They circled Peder's house, looking across the rolling pastures at the wooded bluffs in the distance. Grant felt a sense of panic as he followed Chris through the tall grass. The small, stucco barn behind his mother's house had deteriorated over the years. Above the sliding barn door dangled a rusty basketball hoop. This was where Grant had spent endless hours, days and nights, summers and winters, shooting baskets.
Mildew, spider webs, and flyspecks covered the windows of the decrepit-looking barn. When Chris pulled open the creaking doors, they saw a huge, hulking figure bent over the steering wheel of a squat, gray Ford tractor.
"Shut the goddamn door and leave me alone," Peder yelled. "I don't want any of your goddamn help. You two bastards can go to hell as far as I'm concerned. You didn't love Mom as much as I did. You don't know how I feel. Get the hell out of here." He threw an empty beer can that hit their father's rusty table-saw.
Wearing a black, nylon running suit, which was stretched tight across his massive, broad shoulders, Peder looked like an Olympic shot putter.
"Hell, we loved Mom just as much as you did," Chris replied. "You're not her only son. So don't give us any shit. She gave her love to all of us equally."
"Don't talk about her, god damn it. She's dead. She's the only person who ever really loved me."
"We know that," Chris said. "But now we have to live for each other."
"She didn't have to die. She killed herself."
"You're crazy," Chris replied. "She had everything to live for. She'd never kill herself in a million years. That's a really stupid thing to say."
"She did. I saw the goddamn, anti-depressant pills she spilled on the bathroom floor. There were only a few left. She took the damn things and killed herself. I flushed the rest down the toilet."
"You're making that up," Chris said. "Where's the pill bottle?"
"I got rid of it. I didn't want the rescue people to find shit like that. They're all her friends. I wanted to protect Mom's reputation. So don't say anything to anybody. I'll kick your ass if you do."
"I don't believe you, but I won't say anything," Chris replied.
Chris talked to Peder in soothing tones about how much they all loved their mother. Grant said that he loved their mother as much as Peder did.
When Peder tried to stand, he lost his balance and fell back onto the metal tractor seat. After several tries he climbed down and placed his arms around Chris and Grant's shoulders. They helped him into their mother's house and sat him on their mother's couch to wait for Victor.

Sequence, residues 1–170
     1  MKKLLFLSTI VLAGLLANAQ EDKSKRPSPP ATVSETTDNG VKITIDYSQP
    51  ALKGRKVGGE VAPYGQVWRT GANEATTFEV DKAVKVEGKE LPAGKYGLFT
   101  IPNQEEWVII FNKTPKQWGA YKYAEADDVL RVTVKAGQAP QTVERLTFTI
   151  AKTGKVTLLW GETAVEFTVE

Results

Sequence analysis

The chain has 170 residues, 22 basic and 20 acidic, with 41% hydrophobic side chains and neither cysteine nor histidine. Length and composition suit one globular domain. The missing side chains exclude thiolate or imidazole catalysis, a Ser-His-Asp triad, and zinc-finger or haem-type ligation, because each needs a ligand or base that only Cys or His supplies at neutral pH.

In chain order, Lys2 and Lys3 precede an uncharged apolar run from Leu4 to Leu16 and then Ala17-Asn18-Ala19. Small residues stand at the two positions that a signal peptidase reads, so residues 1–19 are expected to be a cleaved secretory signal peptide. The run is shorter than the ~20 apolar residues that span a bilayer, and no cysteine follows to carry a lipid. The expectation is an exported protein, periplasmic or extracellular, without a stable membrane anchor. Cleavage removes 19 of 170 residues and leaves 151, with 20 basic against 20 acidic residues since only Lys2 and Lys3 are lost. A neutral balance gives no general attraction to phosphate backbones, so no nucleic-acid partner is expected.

"Where in the hell is that goddamn Victor?" Peder kept yelling. "He's our big brother, for Christ's sake. He's supposed to be here. Where in the hell is he?"
Chris calmly reassured Peder that Victor was engaged in important legal business. But Peder wasn't satisfied. He continued yelling, "Where in the Hell is Victor when we need him? Tell him to get his ass home and tend to his family. Where in the Hell is Victor?"
Grant wandered around his mother's house, reflecting on all of her great parties. In the dining room hung a plaque showing Jesus holding a lamb with the caption, "Trust in the Lord." Victor said that the plaque inspired him when he was young. There was, also, a trophy-case that Victor made for Grant. Inside, there was a photo of his mother, beaming with pride and holding a huge bouquet of roses, when he had been honored as the outstanding high school athlete in Minnesota. Behind Grant's trophies was a photo of Victor and Anna, a perfect married couple, young and smiling. A photo of Brenda, Victor's young daughter, showed her seated on a boulder, in the front of Victor's country home, five miles south of Fairfield. Grant climbed the stairs to Mom's apartment, which she rented out to help pay her bills. Her renter had died the month before from a heart attack. When their father was alive, the boys had lived in the apartment. Victor's model planes had hung from the ceiling. They had played hide-and-seek inside the kitchen cabinets. They had their own bedrooms and bathroom. Grant remembered sitting on the stool, two days after his father died, telling himself not to cry, or his mother would think he was a sissy.
Excerpted from The Marriage Bus by Ken Hokeness Copyright © 2011 by Ken Hokeness. Excerpted by permission of AuthorHouse. All rights reserved. No part of this excerpt may be reproduced or reprinted without permission in writing from the publisher.